Immunolabelling and confocal laser scanning microscopy
Juveniles of B. misakiensis (2-gill-slit juvenile = 3 days post settlement) were fixed with 4% paraformaldehyde (PFA) in phosphate buffer (PBS). Specimens were processed using standard protocols as previously described20.
RNA extraction, transcriptome analysis and gene cloning
More than 1,000 larvae from developmental stages of B. misakiensis ranging from early hatched tornaria to three day old juvenile worms were fixed in RNAlater (Sigma). Total RNA was extracted from a mix of developmental stages using RNeasy Mini Kit from Qiagen. Extracted RNA was sent to Eurofins (Germany) for Illumina HiSeq. 2000 sequencing using paired-end read module resulting in reads of 100 bp length. Obtained reads were assembled to contigs using Trinity v2.0.1 software under standard parameters and the transcriptome was analysed for sequences of interest with sequence search in Geneious 6.1 (Biomatters, New Zealand). Primers were generated with Primer3 software to obtain fragments of Elav, Six3/6, Pax6, Dlx, Otx, Engrailed, Nk2.1 and Nk2.2 (for primer sequences and accession numbers see supplemental material), synthesized by Microsynth AG (Balgach, Switzerland) in order to sub-clone into pGemT Easy vector (Promega).
Full protein sequences were aligned using MUSCLE and regions with low-quality alignments for the Elav phylogenetic analysis were trimmed by TrimAl 1.2 rev 59 using the option “automated1” for the trimming51. For the reconstruction of the phylogenetic relationship between analysed homeobox proteins, the alignment was not trimmed. ProtTest 2.452 analysis retrieved LG (+G+F) and JTT (+I+G+F) as best-fitting models for the amino substitution rates for Elav (Fig. S2) and the homeobox protein analyses (Fig. S3), respectively. The maximum likelihood trees of protein sequences were then generated with PhyML 3.053 with default parameters and selecting the suitable amino acid substitution models previously identified. The tree topology search operations were set to the nearest neighbor interchange and subtree pruning and regrafting methods to retrieve the best solution for the estimation of the tree topology. The support values were calculated using 100 non-parametric bootstrap replicates.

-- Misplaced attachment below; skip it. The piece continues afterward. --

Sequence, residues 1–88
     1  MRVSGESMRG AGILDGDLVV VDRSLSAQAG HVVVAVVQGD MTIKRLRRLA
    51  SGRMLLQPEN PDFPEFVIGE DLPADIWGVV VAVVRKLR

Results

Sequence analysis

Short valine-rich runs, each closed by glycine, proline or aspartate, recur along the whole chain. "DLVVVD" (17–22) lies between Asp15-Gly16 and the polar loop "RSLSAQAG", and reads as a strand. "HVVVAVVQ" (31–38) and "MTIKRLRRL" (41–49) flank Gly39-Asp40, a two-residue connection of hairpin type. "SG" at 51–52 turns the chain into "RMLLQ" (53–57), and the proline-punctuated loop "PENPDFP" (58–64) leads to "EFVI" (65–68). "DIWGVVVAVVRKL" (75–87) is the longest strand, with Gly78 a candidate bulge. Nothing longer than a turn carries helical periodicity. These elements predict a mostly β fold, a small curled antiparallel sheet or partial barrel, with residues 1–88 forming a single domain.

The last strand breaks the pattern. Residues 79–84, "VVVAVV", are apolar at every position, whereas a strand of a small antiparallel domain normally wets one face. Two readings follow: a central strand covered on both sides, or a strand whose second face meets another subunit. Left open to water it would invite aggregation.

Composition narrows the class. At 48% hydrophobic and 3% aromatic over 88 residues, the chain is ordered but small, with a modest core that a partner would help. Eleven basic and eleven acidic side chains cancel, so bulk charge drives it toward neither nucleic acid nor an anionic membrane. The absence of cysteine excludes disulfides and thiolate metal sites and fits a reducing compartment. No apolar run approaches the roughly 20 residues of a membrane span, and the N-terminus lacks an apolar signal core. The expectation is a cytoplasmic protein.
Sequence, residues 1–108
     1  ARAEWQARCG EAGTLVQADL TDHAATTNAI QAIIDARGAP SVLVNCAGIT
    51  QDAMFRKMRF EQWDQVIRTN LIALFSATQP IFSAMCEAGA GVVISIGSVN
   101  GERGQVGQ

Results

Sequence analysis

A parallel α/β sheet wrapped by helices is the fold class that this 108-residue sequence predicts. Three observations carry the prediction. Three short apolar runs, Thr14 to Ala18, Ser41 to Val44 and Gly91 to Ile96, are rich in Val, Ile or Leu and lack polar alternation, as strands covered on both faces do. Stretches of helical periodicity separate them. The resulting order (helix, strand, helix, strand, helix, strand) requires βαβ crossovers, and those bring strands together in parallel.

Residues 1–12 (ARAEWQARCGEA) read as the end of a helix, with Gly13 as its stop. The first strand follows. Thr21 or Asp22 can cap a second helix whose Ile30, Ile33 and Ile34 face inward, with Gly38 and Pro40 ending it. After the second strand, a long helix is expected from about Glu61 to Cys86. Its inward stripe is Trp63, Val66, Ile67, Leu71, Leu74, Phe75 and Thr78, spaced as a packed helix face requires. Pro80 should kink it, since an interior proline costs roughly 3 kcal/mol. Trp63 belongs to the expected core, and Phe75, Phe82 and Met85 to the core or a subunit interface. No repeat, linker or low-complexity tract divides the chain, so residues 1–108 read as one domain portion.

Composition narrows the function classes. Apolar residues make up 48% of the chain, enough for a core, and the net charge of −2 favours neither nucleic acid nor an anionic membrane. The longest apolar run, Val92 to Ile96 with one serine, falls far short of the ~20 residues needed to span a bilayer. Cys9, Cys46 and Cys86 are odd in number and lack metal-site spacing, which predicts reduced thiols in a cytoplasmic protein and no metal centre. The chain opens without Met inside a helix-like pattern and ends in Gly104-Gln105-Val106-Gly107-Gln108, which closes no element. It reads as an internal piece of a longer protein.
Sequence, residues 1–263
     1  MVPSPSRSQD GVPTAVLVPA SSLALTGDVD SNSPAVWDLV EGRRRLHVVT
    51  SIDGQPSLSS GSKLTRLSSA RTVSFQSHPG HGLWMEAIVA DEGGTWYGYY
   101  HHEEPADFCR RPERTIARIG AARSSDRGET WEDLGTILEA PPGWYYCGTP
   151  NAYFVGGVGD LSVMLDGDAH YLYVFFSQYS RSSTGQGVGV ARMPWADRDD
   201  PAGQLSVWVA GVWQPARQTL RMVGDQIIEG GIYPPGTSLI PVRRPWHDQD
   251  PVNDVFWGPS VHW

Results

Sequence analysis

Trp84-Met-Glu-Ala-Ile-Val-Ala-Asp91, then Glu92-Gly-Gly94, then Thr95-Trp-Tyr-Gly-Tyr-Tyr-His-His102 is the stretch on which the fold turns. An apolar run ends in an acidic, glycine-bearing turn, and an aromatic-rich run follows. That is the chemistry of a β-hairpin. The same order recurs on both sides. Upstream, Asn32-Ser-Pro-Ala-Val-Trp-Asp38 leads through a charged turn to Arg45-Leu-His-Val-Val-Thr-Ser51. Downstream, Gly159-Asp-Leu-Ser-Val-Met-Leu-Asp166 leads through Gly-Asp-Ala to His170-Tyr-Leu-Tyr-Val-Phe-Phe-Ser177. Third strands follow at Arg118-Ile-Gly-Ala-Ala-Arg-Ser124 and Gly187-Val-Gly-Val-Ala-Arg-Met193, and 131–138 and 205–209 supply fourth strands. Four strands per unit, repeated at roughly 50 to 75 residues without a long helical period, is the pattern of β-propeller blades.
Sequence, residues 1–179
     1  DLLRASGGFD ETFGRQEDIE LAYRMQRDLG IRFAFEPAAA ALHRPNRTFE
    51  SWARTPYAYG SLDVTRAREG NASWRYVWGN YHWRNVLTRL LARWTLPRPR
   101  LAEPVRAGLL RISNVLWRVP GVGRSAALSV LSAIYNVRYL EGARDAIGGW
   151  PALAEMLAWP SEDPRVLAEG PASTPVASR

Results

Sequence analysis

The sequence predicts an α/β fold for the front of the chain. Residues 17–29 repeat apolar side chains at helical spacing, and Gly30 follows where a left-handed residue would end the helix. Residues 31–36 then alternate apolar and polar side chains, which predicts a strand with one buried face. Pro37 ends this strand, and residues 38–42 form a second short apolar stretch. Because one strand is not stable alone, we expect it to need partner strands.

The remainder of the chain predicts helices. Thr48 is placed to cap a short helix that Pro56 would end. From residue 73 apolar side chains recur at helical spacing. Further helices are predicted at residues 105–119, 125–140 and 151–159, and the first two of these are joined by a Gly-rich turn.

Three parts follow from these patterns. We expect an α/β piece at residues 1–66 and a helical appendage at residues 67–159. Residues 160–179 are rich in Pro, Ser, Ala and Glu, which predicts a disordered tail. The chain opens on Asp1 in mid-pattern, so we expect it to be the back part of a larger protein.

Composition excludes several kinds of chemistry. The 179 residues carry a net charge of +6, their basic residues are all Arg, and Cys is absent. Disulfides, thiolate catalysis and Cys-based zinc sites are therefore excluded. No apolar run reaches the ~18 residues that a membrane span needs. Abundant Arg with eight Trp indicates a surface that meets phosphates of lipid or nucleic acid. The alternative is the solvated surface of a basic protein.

Probe synthesis and in situ hybridization
Chromogenic in situ hybridizations were performed on whole-mounts with a pierced protocoel (see Controls for more information) following the protocol from Röttinger and Martindale54 with minor adjustments for B. misakiensis. Metamorphosing larvae (Agassiz stage) and juveniles (2-gill-slit stage) were treated with 10 ng/µl Proteinase K (Roth) for 4 min at room temperature. Colour development was stopped by three washes in PTw (phosphate buffered saline + 0.1% Tween20) and postfixed with 4% PFA for 1 hour. Animals were transferred into 100% EtOH over night for clearing and mounted in 80% glycerol.
Controls with sense probes were conducted in order to identify unspecific binding and probe trapping during in situ hybridization. The protocoel within the proboscis region turned out to be a perfect trap for any probe (Fig. S1A). Perforation of the proboscis using a thin tungsten needle helped to solve this problem (Fig. S1D,E). However, probe trapping could not always be eliminated, which is why a blue protocoel persists in the in situ hybridizations of Dlx (Fig. 3E–H), Otx and Engrailed in juveniles (Fig. 2G,H,K,L).
Accession codes: BmiEngrailed: MF409250, BmiElav: MF409251, BmiSix3/6: MF409252, BmiDlx: MF409253, BmiPax6: MF409254, BmiOtx: MF409255, BmiNkx2.1: MF409256, BmiNkx2.2: MF409257.